I remember a line from an old rap song that sang “I got my mind on on my money and my money on my mind.”
A catchy phrase with a surprising amount of practical, real world value.
Early on in my freedom Journey I remember Robert Kiyosaki writing about how important it is to keep your books.
He said you either do it yourself or you hire someone to do it, but if you want to be wealthy, it must be done.
Books are just records of what’s happening in your financial life.
They give you a clear picture of where you’re at financially.
A few years ago when researching for one of our company’s products, The Financial Literacy Academy, I picked up a great tip from Mark Kohler who is a famous tax accountant, attorney/CPA, and best selling author.
He said you should set aside a small bit of time once a week to do your books.
Ever since then I’ve set aside 30 to 60 minutes each Saturday morning to focus on my “Books”.
It’s been one of the best habits I’ve developed because it keeps “My mind on my money and my money on my mind” in the best way possible.
Here are the major Benefits I’ve discovered from cultivating this habit.
- Each week I know exactly where I’m at financially so I never have to guess where I’m at in relation to my freedom number.
- Each week I review every single expense Item and often, I catch stuff I can eliminate that I wouldn’t have seen had I not been keeping my books. This allows me to be constantly plugging holes in my financial bucket.
- Each week, I’m actively thinking about my money situation which keeps it in my mind, one of the most important things you can do to have financial success. Most people avoid the topic of money and because they have financial problems, they bury their head in the sand and choose not to face it. Definitely not a good strategy if you want your money situation to improve.
- TAX SAVINGS < – Keeping your books allows you track any expense that is a business expense so you can deduct it and save money on taxes. If you are expecting your accountant to find you your deductions at the end of the year you are LOSING MONEY. The best way to ensure you’re getting your deductions is to track your expenses and categorize them through out the year.
- Keeping good books makes tax time a breeze… (more on this in just a bit).
What kind of Book keeping counts as “Books”
Whatever. Works. For. You.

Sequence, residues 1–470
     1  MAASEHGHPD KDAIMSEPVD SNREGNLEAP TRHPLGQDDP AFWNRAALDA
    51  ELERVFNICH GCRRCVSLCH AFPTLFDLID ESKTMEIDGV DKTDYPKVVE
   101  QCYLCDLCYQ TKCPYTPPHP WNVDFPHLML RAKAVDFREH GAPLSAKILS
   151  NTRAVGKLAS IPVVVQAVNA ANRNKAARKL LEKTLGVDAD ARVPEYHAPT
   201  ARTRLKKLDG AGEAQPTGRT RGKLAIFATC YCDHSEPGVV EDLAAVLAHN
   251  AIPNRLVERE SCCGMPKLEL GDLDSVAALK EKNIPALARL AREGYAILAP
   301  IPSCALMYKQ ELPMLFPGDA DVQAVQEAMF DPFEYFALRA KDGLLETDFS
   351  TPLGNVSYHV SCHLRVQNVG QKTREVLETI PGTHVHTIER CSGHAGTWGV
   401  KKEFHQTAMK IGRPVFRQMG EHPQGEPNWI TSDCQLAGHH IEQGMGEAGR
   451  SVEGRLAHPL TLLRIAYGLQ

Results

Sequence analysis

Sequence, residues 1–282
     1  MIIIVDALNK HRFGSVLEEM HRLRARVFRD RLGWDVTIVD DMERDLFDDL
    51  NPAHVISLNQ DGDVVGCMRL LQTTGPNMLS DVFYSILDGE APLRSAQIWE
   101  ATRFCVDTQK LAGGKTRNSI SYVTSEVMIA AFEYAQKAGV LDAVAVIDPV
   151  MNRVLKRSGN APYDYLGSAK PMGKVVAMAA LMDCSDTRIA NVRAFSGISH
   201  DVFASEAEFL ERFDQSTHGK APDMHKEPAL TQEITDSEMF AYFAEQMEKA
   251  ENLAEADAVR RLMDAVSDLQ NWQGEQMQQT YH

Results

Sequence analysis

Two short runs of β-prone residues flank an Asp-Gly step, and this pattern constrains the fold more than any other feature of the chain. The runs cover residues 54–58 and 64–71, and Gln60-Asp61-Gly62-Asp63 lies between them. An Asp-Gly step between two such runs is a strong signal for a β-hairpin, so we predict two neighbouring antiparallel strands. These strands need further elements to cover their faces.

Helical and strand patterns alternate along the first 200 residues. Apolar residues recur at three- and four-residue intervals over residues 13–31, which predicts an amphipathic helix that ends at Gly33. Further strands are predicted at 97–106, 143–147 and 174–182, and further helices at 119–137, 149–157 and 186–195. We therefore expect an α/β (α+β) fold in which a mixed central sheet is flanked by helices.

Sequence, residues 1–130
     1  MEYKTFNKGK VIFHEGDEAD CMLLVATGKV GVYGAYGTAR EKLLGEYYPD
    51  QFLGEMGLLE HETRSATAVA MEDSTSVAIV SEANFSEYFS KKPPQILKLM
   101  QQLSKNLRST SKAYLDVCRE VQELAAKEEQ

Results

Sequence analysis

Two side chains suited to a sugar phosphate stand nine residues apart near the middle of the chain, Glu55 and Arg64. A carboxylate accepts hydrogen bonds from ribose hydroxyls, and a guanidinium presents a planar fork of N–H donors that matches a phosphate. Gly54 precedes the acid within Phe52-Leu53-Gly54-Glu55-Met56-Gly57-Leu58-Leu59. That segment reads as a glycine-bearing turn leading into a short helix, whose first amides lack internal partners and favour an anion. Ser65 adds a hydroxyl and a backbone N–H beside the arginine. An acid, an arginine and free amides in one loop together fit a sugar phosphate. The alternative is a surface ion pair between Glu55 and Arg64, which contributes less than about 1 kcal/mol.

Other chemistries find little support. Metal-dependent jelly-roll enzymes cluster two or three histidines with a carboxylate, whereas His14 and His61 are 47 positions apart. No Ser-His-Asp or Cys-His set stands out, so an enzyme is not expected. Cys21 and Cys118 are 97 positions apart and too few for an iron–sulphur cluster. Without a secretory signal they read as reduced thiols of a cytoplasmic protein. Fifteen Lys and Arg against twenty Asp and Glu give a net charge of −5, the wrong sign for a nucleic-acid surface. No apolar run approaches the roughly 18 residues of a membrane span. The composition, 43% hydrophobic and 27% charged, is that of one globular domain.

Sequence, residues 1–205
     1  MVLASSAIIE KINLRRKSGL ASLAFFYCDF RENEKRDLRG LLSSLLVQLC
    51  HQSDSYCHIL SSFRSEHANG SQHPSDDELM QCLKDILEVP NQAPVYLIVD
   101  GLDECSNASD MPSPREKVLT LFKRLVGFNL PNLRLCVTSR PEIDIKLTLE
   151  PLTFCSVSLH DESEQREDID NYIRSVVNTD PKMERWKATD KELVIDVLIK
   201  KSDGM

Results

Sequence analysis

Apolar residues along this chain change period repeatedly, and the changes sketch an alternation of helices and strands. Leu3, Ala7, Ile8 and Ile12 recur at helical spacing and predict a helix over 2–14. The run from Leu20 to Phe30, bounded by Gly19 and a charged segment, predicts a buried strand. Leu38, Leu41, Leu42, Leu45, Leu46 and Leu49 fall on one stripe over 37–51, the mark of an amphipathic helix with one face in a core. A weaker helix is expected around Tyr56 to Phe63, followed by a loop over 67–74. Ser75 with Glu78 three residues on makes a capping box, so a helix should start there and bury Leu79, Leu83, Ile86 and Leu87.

It can be numbers on a spreadsheet.
It can be tracking all your personal expenses imported into a financial software that allows you to categorize everything and see them in reports. I like this program for that.
If you have a business that’s profitable, I recommend Quickbooks online.
It’s only a few bucks a month and does some amazing things like…
- Imports all your banking and credit card data into the program so you can categorize.
- It can learn your habits, categorize common items automatically to save you time.
- Give you the ability to run reports like a Profit and Loss statement, so you can see your financial health over certain periods of time.
- and here’s one of my favorites… -> You can upload images of receipts to store right in the program so if you ever get audited by the IRS and they want to see your proof you can simply give them a guest login to your books versus a big ol box of receipts.
- Also – when it comes to tax time – all of your stuff is so organized you can push a few buttons and get your accountant everything he/she needs to get your taxes done in super fast and easy.
- These last 2 items provide a huge amount of peace of mind.
Is Book Keeping Hard?
If you have a lot of data and your starting late in the year to get organized, it can take a day or 2 of pain to get everything entered in and categorized properly but once your up to speed as long as you dedicated that weekly time – book keeping is a breeze!
Should you do it yourself or hire someone to do it for you?
I recommend doing it yourself and here’s why.
I had a book keeper before and what I found was that I was totally disconnected from my money (one of the main benefits of book keeping) because I just expected them to take care of it.
Additionally, each week they would email me asking me for receipts and help on categorization which was sort of defeating the purpose of having them do it since I had to spend my time with them weekly anyway.
My partner had a book keeper who double entered his income one year and he got charged double the taxes which was a HUGE amount.
The value of taking responsibility to review your financial situation on a weekly basis I think is pretty priceless.
If you can find someone to do it for you, and still stay connected to your money and understand what’s going on – this can work.
And here’s a little known fact of history in support of keeping your own books.
John D Rockefeller, the richest man in the world back in the early 1900’s, was a notorious book keeper. He tracked and packed his books around with him and even when the company was raking it in, he kept the books like a mad man, himself.
I imagine it was because it kept him connected, intimately, to his money and I can’t help but wonder if this was one of the reasons he became so wealthy.
Do you have this wealthy habit?
If so, I’d love to hear your experience below and if not, maybe now’s a good time to start.